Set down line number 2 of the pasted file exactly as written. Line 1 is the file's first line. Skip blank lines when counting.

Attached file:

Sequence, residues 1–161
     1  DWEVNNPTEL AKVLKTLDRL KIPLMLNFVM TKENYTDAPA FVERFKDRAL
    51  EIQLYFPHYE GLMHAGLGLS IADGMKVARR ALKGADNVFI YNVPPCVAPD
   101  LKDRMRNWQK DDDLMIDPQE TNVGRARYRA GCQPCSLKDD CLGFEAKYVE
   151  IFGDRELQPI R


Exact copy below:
     1  DWEVNNPTEL AKVLKTLDRL KIPLMLNFVM TKENYTDAPA FVERFKDRAL